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State Science Supervisors Say Well-Designed Curricula Drive Science Literacy
Stephen Pruitt and Jan McLaughlin
With state and local school officials placing increased emphasis on helping their students improve their performance in science, 11 top state education officials met at a AAAS Project 2061 workshop in an effort to develop new ways to promote broad scientific-literacy.
During a three-day workshop at AAAS headquarters in Washington, D.C., the participants—all members of the Council of State Science Supervisors (CSSS), an organization of leaders who direct statewide efforts to improve science education—heard from colleagues about the challenges they face on the front lines.
The workshop participants also learned about a battery of Project 2061 resources—some new, and some well-established—to help educators and policy makers design state science standards, evaluate instructional materials and strategies, and develop meaningful assessments of students' progress. It was a key consensus in the workshop: With science and technology exerting greater influence in the workplace, the economy, the wider culture, first-rate science teaching and learning are essential.
"Well-designed curriculum frameworks and standards drive science literacy not only by identifying the essential topics that all students should know, but also by organizing them in a sequence that promotes comprehension," said Jacob Foster, director of science and technology/engineering for the Massachusetts Department of Education.
At the workshop held 25-27 June, Project 2061 Director Jo Ellen Roseman said that AAAS was eager to increase engagement with state education officials to gather feedback about how Project 2061 can modify their resources or procedures to increase their utility.
"Paying close attention to the challenges faced by classroom science teachers and by leaders in district and state agencies is essential for Project 2061," said Roseman. "Since it's the teachers and administrators who are using our resources, their feedback is incredibly valuable."
With federal initiatives like the No Child Left Behind Act signed by President George W. Bush in 2002 and the Rising Above the Gathering Storm report released by The National Academies in 2007, promoting innovation and science literacy in the United States has become a national issue of increasing importance to elected officials, business leaders, educators and others in the United States.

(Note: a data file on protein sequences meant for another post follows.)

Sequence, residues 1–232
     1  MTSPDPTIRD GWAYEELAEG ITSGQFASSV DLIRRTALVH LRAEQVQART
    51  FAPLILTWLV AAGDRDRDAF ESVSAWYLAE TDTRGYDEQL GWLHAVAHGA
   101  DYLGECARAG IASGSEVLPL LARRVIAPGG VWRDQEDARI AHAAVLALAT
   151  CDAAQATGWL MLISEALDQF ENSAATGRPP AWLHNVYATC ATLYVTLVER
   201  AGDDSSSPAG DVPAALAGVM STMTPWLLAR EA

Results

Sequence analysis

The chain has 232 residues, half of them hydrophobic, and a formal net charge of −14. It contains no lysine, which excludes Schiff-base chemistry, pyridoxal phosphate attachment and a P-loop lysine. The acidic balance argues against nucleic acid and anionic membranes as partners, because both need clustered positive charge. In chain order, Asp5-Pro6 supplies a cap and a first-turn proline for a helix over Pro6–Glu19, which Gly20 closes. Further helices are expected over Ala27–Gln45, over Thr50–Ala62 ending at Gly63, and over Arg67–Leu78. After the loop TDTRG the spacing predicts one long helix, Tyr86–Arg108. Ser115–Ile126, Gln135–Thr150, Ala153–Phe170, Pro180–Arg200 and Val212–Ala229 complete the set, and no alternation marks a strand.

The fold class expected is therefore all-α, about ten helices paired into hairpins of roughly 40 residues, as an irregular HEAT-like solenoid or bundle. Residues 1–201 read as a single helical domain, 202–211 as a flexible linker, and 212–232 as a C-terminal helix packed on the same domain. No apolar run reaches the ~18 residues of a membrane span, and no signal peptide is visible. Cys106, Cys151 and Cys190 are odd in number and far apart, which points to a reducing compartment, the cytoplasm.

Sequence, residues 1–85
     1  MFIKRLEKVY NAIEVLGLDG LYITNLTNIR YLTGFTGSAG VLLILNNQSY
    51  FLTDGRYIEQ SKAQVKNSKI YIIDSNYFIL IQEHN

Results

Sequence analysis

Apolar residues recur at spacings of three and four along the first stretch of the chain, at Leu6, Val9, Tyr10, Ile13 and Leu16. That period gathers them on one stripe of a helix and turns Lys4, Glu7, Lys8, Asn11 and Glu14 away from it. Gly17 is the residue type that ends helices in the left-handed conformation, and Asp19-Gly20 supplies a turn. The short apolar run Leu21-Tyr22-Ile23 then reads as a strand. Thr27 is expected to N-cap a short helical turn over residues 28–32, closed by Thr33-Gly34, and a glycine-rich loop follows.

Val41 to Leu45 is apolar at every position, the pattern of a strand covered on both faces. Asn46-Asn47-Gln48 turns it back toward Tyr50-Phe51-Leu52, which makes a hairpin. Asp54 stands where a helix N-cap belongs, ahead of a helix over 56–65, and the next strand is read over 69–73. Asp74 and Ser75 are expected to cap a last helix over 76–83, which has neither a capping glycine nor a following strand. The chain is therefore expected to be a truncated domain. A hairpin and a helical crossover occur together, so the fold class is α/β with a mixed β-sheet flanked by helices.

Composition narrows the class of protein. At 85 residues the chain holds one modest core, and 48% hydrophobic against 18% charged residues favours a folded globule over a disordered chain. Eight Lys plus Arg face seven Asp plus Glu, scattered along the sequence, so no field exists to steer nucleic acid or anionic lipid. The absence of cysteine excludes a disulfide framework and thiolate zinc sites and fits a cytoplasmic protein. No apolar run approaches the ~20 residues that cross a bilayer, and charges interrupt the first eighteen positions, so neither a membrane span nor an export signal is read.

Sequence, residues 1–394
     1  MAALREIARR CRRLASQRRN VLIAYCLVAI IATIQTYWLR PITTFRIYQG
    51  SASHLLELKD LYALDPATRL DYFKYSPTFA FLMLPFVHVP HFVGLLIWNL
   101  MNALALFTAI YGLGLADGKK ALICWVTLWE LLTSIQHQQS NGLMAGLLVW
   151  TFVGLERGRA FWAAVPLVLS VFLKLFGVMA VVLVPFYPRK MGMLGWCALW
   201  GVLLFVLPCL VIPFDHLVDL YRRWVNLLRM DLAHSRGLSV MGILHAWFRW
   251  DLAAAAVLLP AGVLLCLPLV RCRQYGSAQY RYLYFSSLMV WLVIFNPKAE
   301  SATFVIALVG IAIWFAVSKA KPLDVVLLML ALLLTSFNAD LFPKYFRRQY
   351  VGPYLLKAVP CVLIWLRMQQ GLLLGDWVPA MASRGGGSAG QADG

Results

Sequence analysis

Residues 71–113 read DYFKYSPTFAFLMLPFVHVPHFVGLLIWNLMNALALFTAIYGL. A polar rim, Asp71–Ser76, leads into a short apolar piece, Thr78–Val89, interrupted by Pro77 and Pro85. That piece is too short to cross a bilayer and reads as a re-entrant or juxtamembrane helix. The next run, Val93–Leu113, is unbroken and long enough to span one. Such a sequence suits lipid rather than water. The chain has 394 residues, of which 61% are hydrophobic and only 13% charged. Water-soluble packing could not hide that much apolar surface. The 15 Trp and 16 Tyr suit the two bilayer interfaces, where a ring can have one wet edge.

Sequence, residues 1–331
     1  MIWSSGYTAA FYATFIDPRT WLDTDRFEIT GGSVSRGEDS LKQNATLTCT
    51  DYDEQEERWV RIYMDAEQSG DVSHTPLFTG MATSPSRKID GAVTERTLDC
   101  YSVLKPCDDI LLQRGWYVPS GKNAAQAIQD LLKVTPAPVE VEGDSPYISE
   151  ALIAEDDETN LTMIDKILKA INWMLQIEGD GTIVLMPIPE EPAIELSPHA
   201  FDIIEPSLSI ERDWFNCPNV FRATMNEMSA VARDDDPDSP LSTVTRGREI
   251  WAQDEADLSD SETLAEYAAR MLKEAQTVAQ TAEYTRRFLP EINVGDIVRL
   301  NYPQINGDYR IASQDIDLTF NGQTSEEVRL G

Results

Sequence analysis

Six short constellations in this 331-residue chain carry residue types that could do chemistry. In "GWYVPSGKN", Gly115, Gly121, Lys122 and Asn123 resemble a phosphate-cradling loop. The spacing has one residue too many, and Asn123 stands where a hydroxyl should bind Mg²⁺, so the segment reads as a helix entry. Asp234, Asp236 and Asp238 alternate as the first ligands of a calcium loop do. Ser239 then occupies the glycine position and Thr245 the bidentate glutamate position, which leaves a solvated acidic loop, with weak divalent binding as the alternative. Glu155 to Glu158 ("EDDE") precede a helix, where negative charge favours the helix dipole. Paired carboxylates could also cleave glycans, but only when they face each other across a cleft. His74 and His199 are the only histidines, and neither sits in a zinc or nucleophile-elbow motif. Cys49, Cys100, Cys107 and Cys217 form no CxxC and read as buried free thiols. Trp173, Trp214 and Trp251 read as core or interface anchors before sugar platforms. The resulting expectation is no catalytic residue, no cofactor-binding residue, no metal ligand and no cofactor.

Project 2061 has long been a leader in the field. In 1989, Project 2061 published a pioneering initiative entitled Science for All Americans (SFAA), which consolidated recommendations from a series of expert panels assembled to identify what science, mathematic, and engineering concepts are essential for a citizen to be scientifically literate.
Four years after the publication of Science for All Americans, Project 2061 released Benchmarks for Science Literacy, which identified a set of learning goals in the natural and social sciences, mathematics, and technology that all students should achieve at the K-2, 3-5, 6-8, and 9-12 grade levels. Drawing on the available research about how and when students are best able to learn particular science concepts, Benchmarks has helped to shape both national and state science standards.
More recently, Project 2061 released Atlas of Science Literacy Volume 1 (in 2001) and Volume 2 (in 2007), which placed the concepts in a series of strand maps, allowing educators to see how ideas in one topic relate to those in another topic and how ideas connect across grade levels. For example, the Volume 2 map on weather and climate shows how teaching kindergarteners that water left in an open containers disappears, but water left in a closed container does not, contributes to their eventual understanding in high school of the complex factors that drive climate change.
Last month, Project 2061 announced a new project that placed five related Atlas strand maps online, allowing users to quickly navigate the maps and to explore the different kinds of connections among them.
Stephen Pruitt, director of the Division of Academic Standards at the Georgia Department of Education, praised Project 2061 for its resources, adding that Benchmarks is the base document for designing and modifying Georgia's science curriculum framework.
Pruitt, the incoming president of CSSS, said that because his state has a mandate aligning its science curriculum to national standards and Benchmarks, he urged Project 2061 to be sure to alert state educators as it makes changes to its resources.
Jan McLaughlin, the current CSSS president, said that her state allows local districts to design their own science curricula, frequently creating conflicts over what should be taught. When these disagreements occur, McLaughlin said that she uses Atlas Volume 1 and 2 to resolve the disputes.
Both Pruitt and McLaughlin encouraged Project 2061 to keep state educators aware of changes and to consider partnering with CSSS members and taking advantage of their on-the-ground knowledge to inform resource development. Pruitt added that state science education officials would welcome an ongoing engagement with Project 2061.
Roseman agreed with the participants that communication with state-level educators is imperative to Project 2061's mission.
While this meeting was the first to bring CSSS members to AAAS, Roseman pointed out that Project 2061 communicates regularly with science educators through its professional development workshops and by engaging a wide range of educators, curriculum developers, and researchers in its work.
"Staying in touch with the field helps us identify the most urgent needs and the ways in which we can respond most effectively," Roseman said. "This meeting and efforts like it are absolutely vital."
11 August 2008